The Covid-19 crisis has changed the sustainable agendas from being an option to being a necessity. This means that fintech solutions are required in relation to responsibility and sustainability – both from the industry and, even more so, from the consumers. All fintech solutions must be sustainable in the future, and we have already seen examples of this today.
We have seen several examples of digital wallets that have revolutionised payments around the world. With both Apple Pay and MobilePay, digital wallets are designed to make consumer payment convenient. It is a sign that technology has sustainably evolved over time.

The Covid-19 crisis has slowed development towards 2030. But how can fintech solutions be the means to get back on track?

The crisis has shown that we are good at identifying solutions and acting. It is currently about health, but in the future, it might as well be about climate, so I do not reckon that the crisis has put a temporary stop to promoting the SDGs. As fintech solutions are the economic infrastructure behind everything, you need to optimise these in terms of being sustainable, accessible, and responsible. Doing so will help meet the UN’s overall goal of 2030 going forward. This also applies to investments – we must invest in sustainability.

 

 

 

 

 

 

 

Rasmus Stuhr Jakobsen
Executive Director at Care

How does the Covid-19 crisis affect  the fintech industry’s work to promote the SDGs?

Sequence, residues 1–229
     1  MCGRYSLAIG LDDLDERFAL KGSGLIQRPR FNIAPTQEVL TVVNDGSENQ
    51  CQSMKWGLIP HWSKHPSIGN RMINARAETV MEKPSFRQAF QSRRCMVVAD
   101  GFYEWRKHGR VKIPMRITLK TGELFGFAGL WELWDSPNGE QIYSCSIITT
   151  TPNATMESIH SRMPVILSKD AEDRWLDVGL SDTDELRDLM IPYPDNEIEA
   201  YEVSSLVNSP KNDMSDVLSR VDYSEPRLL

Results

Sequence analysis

The Covid-19 crisis has pushed the SDG agenda into the background. I almost have the experience that it has been a relief for some that now, instead of all this sustainable thinking, which is certainly complex, we can return to dealing with national concrete challenges that are easy to translate politically. But in my eyes, it is a slippery slope. The SDGs are precisely the platform we need to focus on to move sensibly forward and combat the crisis – both economically, socially, and for the climate.

How does the Covid-19 crisis affect your agenda to advance the SDGs through fintech solutions?

Our access to fintech is about inclusion. We can see that Covid-19, like climate change, is hitting the weakest hardest. Covid-19 has illustrated and created greater inequality in the world. If fintech can not help address this, in my view, it can not contribute to something exciting. It is clear that with increased inequality, we are faced with an even greater task of closing that gap. Therefore, we need, to an even greater extent than before, serious fintech solutions that work with inclusion.

The Covid-19 crisis has slowed development towards 2030. But how can fintech solutions be the means to get back on track?

Several markets are suffering heavily under Covid-19, but then many markets are growing quite significantly. All the green, the digital, the local, and the near. How can fintech support the extreme development that is currently seen in the green and sustainable economy? How can fintech help reduce the growing inequality between people that we all know is extremely destabilising and creates migration and conflict? If fintech solutions can play a part in that space, then the possibilities are immense.